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[A paper presented at the 1996 Evangelical Theological Society (EPS) Meeting in Jackson, MS]

© Gregg Strawbridge, Ph.D.
Pastor of All Saints' Presbyterian Church, Lancaster, PA 


While theism has been the heritage of the West, the Enlightenment was the tidal wave which pounded away at the philosophical justification of theism in natural theology. Though it is true natural theology has always had its opponents, it is safe to say that the mainstream of theological thought concurred with the "strong" and "weak" purposes of natural theology: (1) To produce objective arguments to demonstrate the existence of God(1) and (2) to show that belief in God is rational belief. As a result of the Enlightenment challenges to authority, especially religious authority, all beliefs, to be rational, demanded evidence. Could Christian theism stand the test of such evidential interrogations? Many believed that it could not, especially in the face of the rigorous counter argumentation to the primary natural theological arguments (ontological, cosmological, and teleological arguments), most notably David Hume and Immanuel Kant. Others, however, followed in the steps of Thomas Reid and the Common Sense reaction to radical empiricism, particularly, Nineteenth century American Protestants. Men such as Archibald Alexander and later, B. B. Warfield of the Princetonian school mounted the Baconian scientific method and reformulated theistic arguments to accept the evidential challenges to Christianity (Marsden, 1983).

Currently, many contemporary philosophers are quite willing to concede that the Enlightenment's evidential challenges to natural theology were successful and responses to it were not. Thus, the first purpose of natural theology--to provide a successful, objective argument for God's existence--has yet to be consummated as the received philosophical position at present. Nevertheless, the second purpose of natural theology has been the subject of surprising innovations in the last half of the Twentieth Century. There has been something of a Copernican revolution of epistemology in this century which has brought numerous criticisms to the traditional definition of knowledge as "justified true belief" (Gettier, 1993 [1963]). Further, new schools of epistemological thought have formally developed while refuting the very foundations of many of the Enlightenment challenges. Some significant changes in the intersection of epistemology and belief in God have been connected with one philosopher, Alvin Plantinga. Plantinga (1977) discusses natural theology in these terms, " . . . few who accept theistic belief do so because they find such an argument compelling. Instead the typical function of natural theology has been to show that religious belief is rationally acceptable" (p. 2).

Plantinga's theological roots are in the Protestant Reformed tradition. His claim to philosophical fame is most notably his restatement of the ontological argument using modal logic (Plantinga, 1974). In the past two decades, however, Plantinga and others with him have been involved in an epistemological project aimed at defending belief in God as a basic belief and as such, a rational belief. This is usually referred to as the new Reformed Epistemology. More broadly, Plantinga has been at the task of developing a full-orbed epistemology which squarely sits in the Reidian tradition (Plantinga, 1993a & 1993b). The remaining portion of this discussion will be focused on the exegesis of Plantinga's fundamental argument, objections to it , and the viability of it in the task of evangelical apologetics.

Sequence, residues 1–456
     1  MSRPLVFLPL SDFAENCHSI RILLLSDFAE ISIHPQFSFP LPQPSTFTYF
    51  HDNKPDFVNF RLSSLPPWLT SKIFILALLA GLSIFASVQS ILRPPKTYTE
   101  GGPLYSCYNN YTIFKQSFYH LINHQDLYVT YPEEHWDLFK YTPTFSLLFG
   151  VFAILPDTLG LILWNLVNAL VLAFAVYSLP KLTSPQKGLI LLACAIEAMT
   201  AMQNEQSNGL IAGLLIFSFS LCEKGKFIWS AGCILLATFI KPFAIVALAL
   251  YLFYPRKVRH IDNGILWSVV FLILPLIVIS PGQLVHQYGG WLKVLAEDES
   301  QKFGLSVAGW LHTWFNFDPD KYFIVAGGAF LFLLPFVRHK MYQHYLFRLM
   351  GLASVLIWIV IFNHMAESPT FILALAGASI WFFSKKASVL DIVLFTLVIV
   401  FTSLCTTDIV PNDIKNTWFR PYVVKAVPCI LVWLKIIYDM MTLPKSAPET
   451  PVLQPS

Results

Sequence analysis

Atheological philosophers often argue that theistic belief is irrational, "noetically below par," unreasonable, or generally, intellectually irresponsible, since there is (allegedly) insufficient evidence for "rational belief" in God. W. K. Clifford, Brand Blanshard, Bertrand Russell, Michael Scriven, and Anthony Flew are a few representatives of this position. For example (the following are cited in Plantinga, 1983, pp. 17ff.), Clifford says if a

belief has been accepted on insufficient evidence, the pleasure is a stolen one. Not only does it deceive ourselves by giving us a sense of power which we do not really possess, but it is sinful, because it is stolen in defiance of our duty to mankind . . . To sum up: it is wrong always, everywhere, and for anyone to believe anything upon insufficient evidence. (1879, pp. 184, 186)
Flew commends Clifford's "luminous and compulsive essay" and claims there is a "presumption of atheism"--
...the onus of proof involves that it is up to the theist: first to introduce and to defend his proposed concept of God; and second, to provide sufficient reason for believing that this concept of his does in fact have an application . . . Until or unless some such grounds are produced we have literally no reason at all for believing; and in that situation the only reasonable posture must be that of either the negative atheist or the agnostic. (1976, pp. 14-15, 22)
Michael Scriven likewise argues that this kind of objection demands an obligatory character.
Now even belief in something for which there is no evidence, i.e., a belief which goes beyond the evidence, although a lesser sin than belief in something which is contrary to well-established laws, is plainly irrational in that it simply amounts to attaching belief where it is not justified. So the proper alternative, when there is no evidence, is not mere suspension of belief, e.g., about Santa Claus; it is disbelief. It most certainly is not faith. (1966, p. 103)